I was fortunate to get two free tickets for this year's Frameline39, the San Francisco International LGBTQ Film Festival. The popular festival features dozens of diverse movies, documentaries, and shorts from all over the world. At last year's festival I watched Out in East Berlin, a documentary with a wide range of viewpoints about being gay in the GDR in the years leading up to the fall of the Berlin Wall. This year I picked two international narrative films: Liz in September from Venezuela and All About E from Australia.
|Patricia Velasquez and Eloisa Maturén in Liz in September|
Liz in September/Liz en Septiembre
A few years ago, I had a type of thyroid cancer: papillary thyroid carcinoma. This is generally one of the most treatable cancers. The surgeon chops out your thyroid, maybe you get a little radiation thrown in, and you take a pill every morning. But despite how non-lethal my own brush with malignant cells was, post-thyroidectomy I cry uncontrollably at cancer movies. 50/50, The Fault in Our Stars, and now Liz in September are all films that have made me wipe my eyes with my Muni-germ hands.
Liz in September is a Venezuelan film from director Fina Torres. It's based on an American play, Last Summer at Bluefish Cove by Jane Chambers. Liz (Patricia Velasquez) has had an unspecified cancer before, and now it's back and terminal. However, she keeps this diagnosis secret during the beach vacation she's having with friends (an excellent supporting cast) to celebrate her 37th birthday. The tight-knit group is interrupted by Eva (Eloisa Maturén), whose car has broken down. Liz's friends give her the challenge of seducing the apparently straight newcomer, not knowing how vulnerable Eva is: her young son has died, and her husband is having an affair. Still, romance blooms as Liz teaches Eva how to scuba dive and takes her on motorcycle and boat rides. Velasquez gives a subtle, deep performance with pain and humor. Maturén, a former ballerina, is endearing in her first acting role.
I'm not familiar with Chambers's play, but Torres's adaptation is gorgeous and warm. I wanted to be at that beach and at that inn, swimming, reading, and eating fresh fruit. As beautiful as the film is, it was apparently very hard to get made - Torres explained during the Q&A that this "labor of love" was many years in the making, and thanked producer Laura Oramas for saving the production from various last-minute emergencies. Their determination is inspiring for anyone working on their own long-term passion project.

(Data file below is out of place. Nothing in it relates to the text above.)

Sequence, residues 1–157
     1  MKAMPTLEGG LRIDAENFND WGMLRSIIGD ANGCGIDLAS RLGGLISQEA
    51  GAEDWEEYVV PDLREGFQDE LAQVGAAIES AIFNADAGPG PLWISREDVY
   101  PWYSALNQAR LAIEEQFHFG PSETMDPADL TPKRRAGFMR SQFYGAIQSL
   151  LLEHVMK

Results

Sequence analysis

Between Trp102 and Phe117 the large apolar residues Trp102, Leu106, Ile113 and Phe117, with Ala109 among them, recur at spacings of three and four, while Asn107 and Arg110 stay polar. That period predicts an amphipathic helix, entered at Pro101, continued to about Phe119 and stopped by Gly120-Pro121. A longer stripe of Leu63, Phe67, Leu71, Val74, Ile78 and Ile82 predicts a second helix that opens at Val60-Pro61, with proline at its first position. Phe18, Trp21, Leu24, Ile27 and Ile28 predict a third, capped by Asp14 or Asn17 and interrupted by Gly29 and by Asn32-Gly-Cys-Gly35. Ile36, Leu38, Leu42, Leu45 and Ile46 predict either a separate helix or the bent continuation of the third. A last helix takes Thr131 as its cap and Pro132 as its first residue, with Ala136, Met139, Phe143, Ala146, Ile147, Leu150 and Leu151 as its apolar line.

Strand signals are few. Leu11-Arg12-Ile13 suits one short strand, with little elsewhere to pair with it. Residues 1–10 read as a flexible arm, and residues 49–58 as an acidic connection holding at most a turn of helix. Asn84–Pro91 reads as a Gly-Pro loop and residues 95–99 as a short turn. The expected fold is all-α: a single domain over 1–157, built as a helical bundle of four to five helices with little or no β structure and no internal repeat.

L to R: ASL interpreter, producer Laura Oramas, Patricia Velasquez,
Maria Luisa Flores, Eloisa Maturén, director Fina Torres, emcee
All About E
On Monday night I saw All About E, an Australian comedy/drama/romance/thriller from director Louise Wadley. E (Mandahla Rose) is a star DJ who parties hard and womanizes harder. But she's also stuck with her controlling, sleazy boss (Simon Bolton) and is so determined to stay in the closet to her Lebanese immigrant parents that she has her best friend Matt (Brett Rogers) pose as her husband. Perhaps because of these constrictions, when a duffel bag of cash appears she impulsively goes on the run with it, dragging Matt along, and we soon learn that deep down, all she really wants is to play the clarinet and settle down with a farmgirl.
The film felt tonally inconsistent to me, but this might be a quirk of Australian comedic cinema. Although they hold together better as dramedies, Muriel's Wedding and The Adventures of Priscilla, Queen of the Desert, are similarly erratic and were both mentioned by Wadley as inspiration. All About E is a mix of realistic, authentic moments contrasted with sometimes cartoonish characters and actions fueled mainly by plot. I definitely had some questions at the end (What was up with E and her boss? Why do they still have to get in the plane?), but it's an enjoyable ride.
A lot of that enjoyment is due to the leading ladies: Rose and Julia Billington. Although Billington claimed during the Q&A that she's a "city girl," she's totally believable as a tough but heartbroken country girl riding around on a tractor. The chemistry between Rose and Billington is such that you have to root for their characters' romance, even though E is a mess. That E remains sympathetic is thanks to Rose's performance. The beautiful music by Basil Hogios and Joseph Tawadros and cinematography by Justine Kerrigan are also highlights.
|L to R: Simon Bolton, Brett Rogers, Julia Billington,|
Mandahla Rose, producer Jay Rutovitz, director Louise Wadley
Frameline39 continues through this Sunday, June 28. An encore presentation of All About E will screen in Piedmont on Wednesday, and it will screen at Outfest in Los Angeles on July 12. Liz in September will also be screening at Outfest on July 12.